Saturday, October 16: The Kickbackistan bandwagon goes to Goa. Claim your funny money and stand by for an important announcement.
I’ve been using guitar processors from 1998. I had a bunch of analog pedals before that – Boss/Digitech (remember those DOD pedals?)/Ibanez and so on. I think I made the switch because
a) I liked to use a lot of different tones and tweaking pedals in the middle of a gig, and stepping on multiple pedals with two left feet was a challenge;
b) pedalboards were something only the lucky few with rich uncles in the right countries had – the rest of us had to make do with locally-made dodgy adaptors and messy setups; and
c) the people I looked up to in the local scene all seemed to be using them.
Processors have gone a long way since my first Zoom 1010 (a terrible piece of junk which I sold off very quickly). I stuck with BOSS for a while, working my way through the ME-8, ME-10 and the great GT-5. Still, getting a good tone at every gig, with widely different amps at each venue (Kustom Sound, Stranger, Peavey, and the very occasional Marshall) took time, and for a while I actually lugged my Stranger Nightingale Series 100 W solid-state Calcutta beast around. Used the Line 6 POD 2.0 for the first time while recording our second album Jupiter Café, and was totally intrigued with amp modeling and everything it offered. Soon had the PODxt, then the PODxt Live, which you’ll hear on third and fourth albums Plan B and This Is It. Live, these modelers allowed me to travel light, and with a decent engineer FOH, nearly always get a decent tone. At least, that’s what people told me – many of them would come backstage after a gig asking about my clearly ‘analog’ setup and go away quite surprised (and perhaps disgruntled!) at the sight of the POD.
So, modelers have worked for me – for a good many years now. I’ve used them in front of plenty of amps, in the FX returns, going direct to the board etc., live and in the studio. With each generation, they seem to get better, more ‘interactive’, more detailed, and easier to use. For purists, of course, (and purists who can afford a whole stable of boutique beauties) there’s nothing that can replace the real thing, and this review may not change that!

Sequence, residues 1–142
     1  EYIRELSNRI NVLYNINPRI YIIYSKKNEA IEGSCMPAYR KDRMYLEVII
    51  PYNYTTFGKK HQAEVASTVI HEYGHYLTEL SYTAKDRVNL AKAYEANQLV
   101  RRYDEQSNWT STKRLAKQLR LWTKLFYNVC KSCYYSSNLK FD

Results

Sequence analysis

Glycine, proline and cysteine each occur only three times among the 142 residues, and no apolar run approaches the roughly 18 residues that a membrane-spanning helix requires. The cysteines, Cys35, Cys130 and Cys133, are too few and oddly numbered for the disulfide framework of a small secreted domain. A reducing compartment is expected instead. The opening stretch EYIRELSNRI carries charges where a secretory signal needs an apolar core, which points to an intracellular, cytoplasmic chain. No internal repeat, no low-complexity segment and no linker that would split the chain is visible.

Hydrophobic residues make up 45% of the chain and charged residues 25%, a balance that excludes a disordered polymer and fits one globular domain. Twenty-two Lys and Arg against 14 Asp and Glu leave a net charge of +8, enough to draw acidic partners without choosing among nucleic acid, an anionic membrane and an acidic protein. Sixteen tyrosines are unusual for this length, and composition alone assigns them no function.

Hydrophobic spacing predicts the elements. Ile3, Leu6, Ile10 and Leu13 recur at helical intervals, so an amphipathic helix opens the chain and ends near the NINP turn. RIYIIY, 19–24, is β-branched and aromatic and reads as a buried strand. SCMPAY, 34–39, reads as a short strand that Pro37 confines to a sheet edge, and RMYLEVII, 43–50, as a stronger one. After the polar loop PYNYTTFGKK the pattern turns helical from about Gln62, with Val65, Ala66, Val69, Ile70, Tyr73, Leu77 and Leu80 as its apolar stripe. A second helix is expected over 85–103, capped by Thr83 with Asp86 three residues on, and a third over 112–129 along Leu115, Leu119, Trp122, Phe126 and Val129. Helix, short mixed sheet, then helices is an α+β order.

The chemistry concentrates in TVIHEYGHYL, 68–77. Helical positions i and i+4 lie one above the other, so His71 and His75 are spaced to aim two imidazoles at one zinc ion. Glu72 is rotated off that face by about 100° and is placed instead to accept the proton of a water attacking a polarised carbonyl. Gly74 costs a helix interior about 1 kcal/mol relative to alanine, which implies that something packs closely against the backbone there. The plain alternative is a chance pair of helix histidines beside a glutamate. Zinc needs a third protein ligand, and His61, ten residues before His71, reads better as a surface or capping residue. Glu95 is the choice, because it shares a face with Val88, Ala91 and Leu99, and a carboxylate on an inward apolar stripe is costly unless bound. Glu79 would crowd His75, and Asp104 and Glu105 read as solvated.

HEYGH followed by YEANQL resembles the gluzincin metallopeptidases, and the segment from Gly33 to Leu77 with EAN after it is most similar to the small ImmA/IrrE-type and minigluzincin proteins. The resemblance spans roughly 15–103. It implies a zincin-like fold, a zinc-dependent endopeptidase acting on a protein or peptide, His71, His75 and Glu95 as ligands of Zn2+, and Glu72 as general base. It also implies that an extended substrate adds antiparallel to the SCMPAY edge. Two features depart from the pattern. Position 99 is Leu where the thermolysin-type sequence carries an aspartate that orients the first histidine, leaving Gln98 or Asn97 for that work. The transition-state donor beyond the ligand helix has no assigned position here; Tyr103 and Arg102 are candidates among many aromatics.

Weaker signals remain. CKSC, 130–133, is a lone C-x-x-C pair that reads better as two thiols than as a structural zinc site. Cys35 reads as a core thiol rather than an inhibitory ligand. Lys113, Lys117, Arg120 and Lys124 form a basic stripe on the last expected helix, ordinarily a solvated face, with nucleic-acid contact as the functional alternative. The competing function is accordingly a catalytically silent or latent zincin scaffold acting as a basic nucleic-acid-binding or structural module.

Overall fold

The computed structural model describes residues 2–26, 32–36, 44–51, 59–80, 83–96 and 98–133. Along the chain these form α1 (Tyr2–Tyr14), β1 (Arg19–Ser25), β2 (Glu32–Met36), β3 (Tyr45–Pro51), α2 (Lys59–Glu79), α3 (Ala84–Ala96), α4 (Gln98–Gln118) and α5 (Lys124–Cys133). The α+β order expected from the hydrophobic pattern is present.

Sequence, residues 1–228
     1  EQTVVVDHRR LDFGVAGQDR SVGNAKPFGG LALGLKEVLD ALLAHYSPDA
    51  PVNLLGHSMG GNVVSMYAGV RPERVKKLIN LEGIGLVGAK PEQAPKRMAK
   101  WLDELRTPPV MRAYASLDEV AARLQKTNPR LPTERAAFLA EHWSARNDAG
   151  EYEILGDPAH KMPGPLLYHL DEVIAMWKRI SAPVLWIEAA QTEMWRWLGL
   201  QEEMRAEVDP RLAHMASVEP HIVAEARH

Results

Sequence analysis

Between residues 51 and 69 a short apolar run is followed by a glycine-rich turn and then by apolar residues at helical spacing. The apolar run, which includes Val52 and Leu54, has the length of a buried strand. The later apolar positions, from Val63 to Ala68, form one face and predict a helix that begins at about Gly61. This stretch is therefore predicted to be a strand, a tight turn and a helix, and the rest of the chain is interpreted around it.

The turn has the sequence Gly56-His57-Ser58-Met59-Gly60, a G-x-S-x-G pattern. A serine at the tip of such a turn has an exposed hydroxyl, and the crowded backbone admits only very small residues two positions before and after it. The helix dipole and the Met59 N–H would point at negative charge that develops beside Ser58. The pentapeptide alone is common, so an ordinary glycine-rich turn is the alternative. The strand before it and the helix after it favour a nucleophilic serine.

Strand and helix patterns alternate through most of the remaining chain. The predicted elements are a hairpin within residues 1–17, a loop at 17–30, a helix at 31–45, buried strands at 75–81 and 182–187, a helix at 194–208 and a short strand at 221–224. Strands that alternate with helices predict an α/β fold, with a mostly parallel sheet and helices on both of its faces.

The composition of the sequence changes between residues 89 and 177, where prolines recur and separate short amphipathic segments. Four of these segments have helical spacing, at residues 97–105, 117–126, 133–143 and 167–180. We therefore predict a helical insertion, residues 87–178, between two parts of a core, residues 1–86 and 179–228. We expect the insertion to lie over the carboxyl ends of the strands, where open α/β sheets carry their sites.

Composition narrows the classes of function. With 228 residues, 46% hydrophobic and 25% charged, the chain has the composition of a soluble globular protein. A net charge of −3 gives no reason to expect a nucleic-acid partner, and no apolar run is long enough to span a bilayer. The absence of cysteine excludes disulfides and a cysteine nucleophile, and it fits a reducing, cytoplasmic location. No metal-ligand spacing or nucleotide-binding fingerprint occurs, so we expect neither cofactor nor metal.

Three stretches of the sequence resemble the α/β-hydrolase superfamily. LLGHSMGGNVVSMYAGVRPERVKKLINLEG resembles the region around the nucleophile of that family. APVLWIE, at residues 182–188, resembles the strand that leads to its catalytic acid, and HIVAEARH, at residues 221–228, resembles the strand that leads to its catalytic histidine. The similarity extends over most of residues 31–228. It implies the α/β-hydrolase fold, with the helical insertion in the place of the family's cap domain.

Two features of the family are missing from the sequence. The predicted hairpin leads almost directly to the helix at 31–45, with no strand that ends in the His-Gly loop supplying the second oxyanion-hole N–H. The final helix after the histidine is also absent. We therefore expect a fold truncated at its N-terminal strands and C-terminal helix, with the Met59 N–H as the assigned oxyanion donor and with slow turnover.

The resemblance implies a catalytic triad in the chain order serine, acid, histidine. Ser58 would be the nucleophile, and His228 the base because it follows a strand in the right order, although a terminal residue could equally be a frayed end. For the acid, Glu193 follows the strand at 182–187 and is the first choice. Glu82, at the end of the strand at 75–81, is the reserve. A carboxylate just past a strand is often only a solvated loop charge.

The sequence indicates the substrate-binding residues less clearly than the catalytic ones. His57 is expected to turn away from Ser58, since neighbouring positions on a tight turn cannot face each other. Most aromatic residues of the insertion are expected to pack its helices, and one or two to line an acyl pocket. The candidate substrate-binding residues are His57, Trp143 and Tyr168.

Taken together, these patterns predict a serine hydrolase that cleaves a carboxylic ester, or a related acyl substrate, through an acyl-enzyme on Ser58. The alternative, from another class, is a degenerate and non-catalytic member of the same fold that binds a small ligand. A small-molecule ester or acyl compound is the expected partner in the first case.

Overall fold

The Eleven Rack
I’d used the Eleven plug-in to re-amp some tones on the last album, and found its single-minded focus on amp-modeling (no crazy collection of vintage pedals etc) very heartening. The amps always sounded crisp and clear, with much of the response that great tube amps give you – ease off on your attack/volume and things clean up, dig in and wail, shout and whisper – all of that. There were, of course, the plug-in limitations of latency, ‘feel’ and so on, but it did a great job of getting guitars to sit in a mix, or stick out nicely when they had to.
I first listened to the Eleven Rack on a pair of Sony MDR-7506 headphones, playing my Erisa Custom Strat (hand made in Auroville) with Lindy Fralin single-coils. The Fralins are pretty low-output pickups with outstanding clarity. Used first a Planet Waves circuit-breaker and then a Monster Rock cable.
Having used a Guru Plexi tube head (also hand-made in Auroville) for a while, I naturally gravitated to the Marshall Plexi models first, and was immediately surprised by the Eleven Rack’s single-focus approach: the controls on this model are exactly the same as on the original amp – with no Master Volume, which is the sound of a Plexi. On any POD, for example, you’ll have a generic set of drive/bass/mid/treb/presence/vol controls that work on ALL models – NOT the way the original amps are. On the Eleven Rack, if the original amp has just a ‘drive’ ‘cut’ and ‘bass’ control, that’s exactly what you get on the model. This, I found, made it much easier to get a good sound from an amp model, fast. Dial up a twin reverb, say, and you find just the familiar knobs on the real thing; some minor tweaking, a tad of spring reverb and you’re in surf heaven…